Recently, subscriber Sandra Day wrote to ask me about a problem she was having. She knew one way to solve it — Word’s Insert Symbol dialog box, but that’s a pretty clumsy way. Here’s what she wanted to do:
Hi Terry! I have tried repeatedly to learn how to use a shortcut to insert a tilde over an “n” (as in jalapeño) in a Word document, but the keystrokes I find listed on the internet never seem to work. One shortcut suggests the control key + the tilde key above the tab key + n, but that doesn’t work. Another suggests Alt + 0241, but that doesn’t work either. I can use the symbol chart to insert it, but would prefer a shortcut method. Do you have any ideas? Is there a way to add that symbol every time I type the word “jalapeno”? Thanks for your help.
If your problem is always jalapeno, you could use Word’s auto-correct function — put the misspelling as jalapeno and then the correct version with the tilde over the “n” — that should create an automatic correction for you.
You set up the auto-correct function in Word 2003 as follows:
- Open Microsoft Word
- On the menu bar, click on Tools, then AutoCorrect Options…
- On the AutoCorrect tab, which is the default, set up your misspelling and correct spelling
- Click In the Replace: field, then type jalapeno
- Click in the With: field, and type jalape, paste the ñ after the e, and then type o
- Click the Add button
- Click the OK button, which will close the AutoCorrect Options window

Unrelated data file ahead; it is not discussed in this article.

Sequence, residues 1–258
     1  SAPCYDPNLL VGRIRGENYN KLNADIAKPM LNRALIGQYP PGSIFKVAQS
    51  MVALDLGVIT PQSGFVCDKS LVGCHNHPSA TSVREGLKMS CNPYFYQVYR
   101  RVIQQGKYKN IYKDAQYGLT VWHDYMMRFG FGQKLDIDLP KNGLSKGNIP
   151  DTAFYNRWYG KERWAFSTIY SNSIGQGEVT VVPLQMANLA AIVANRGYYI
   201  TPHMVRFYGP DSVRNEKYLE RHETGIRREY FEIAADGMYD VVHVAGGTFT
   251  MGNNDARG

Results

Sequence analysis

Now, type jalapeno in Word and you’ll find that Word will automatically correct to the revised spelling.
If this doesn’t work, go back to the AutoCorrect Options… window and make sure that there is a checkmark by “Replace text as you type.”
If you’re not in Word, there’s a similar dialog box available in any Windows application — the Windows Character Map. The character map is a Windows version (usable in any program) of the Word “insert symbol” tool. You can find it via:
Start, All Programs, Accessories, System Tools
The Alt-0241 key combination really does create the lower case n with the tilde — but, individual programs must allow that to happen. My email program (Eudora) uses alt-2 to cancel an email, so you can see that holding alt and pressing 0 is ok, but when I press the 2 (while still holding the alt key down), Eudora tries to close the email.
There are three important tips for using the Alt key combinations:
- You have to hold down the Alt key while you type all the numbers. The Alt key is like the Control key — it MODIFIES the signal produced by another key. Pressing the Alt key doesn’t create a character to go in your document (yes, it sends a signal to the processor, but it’s not a signal that says “here’s another character to be processed.”
- You have to use the numeric keypad to create the alternative characters. The number keys across the top of the keyboard will not do this.
- Numlock has to be turned on.